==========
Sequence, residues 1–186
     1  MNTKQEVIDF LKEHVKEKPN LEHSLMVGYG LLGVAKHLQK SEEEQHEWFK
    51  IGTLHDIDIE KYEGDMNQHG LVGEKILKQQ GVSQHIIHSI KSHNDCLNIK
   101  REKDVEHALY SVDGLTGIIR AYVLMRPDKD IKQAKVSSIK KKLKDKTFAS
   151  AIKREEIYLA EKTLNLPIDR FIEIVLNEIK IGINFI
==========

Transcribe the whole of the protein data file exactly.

Sequence, residues 1–186
     1  MNTKQEVIDF LKEHVKEKPN LEHSLMVGYG LLGVAKHLQK SEEEQHEWFK
    51  IGTLHDIDIE KYEGDMNQHG LVGEKILKQQ GVSQHIIHSI KSHNDCLNIK
   101  REKDVEHALY SVDGLTGIIR AYVLMRPDKD IKQAKVSSIK KKLKDKTFAS
   151  AIKREEIYLA EKTLNLPIDR FIEIVLNEIK IGINFI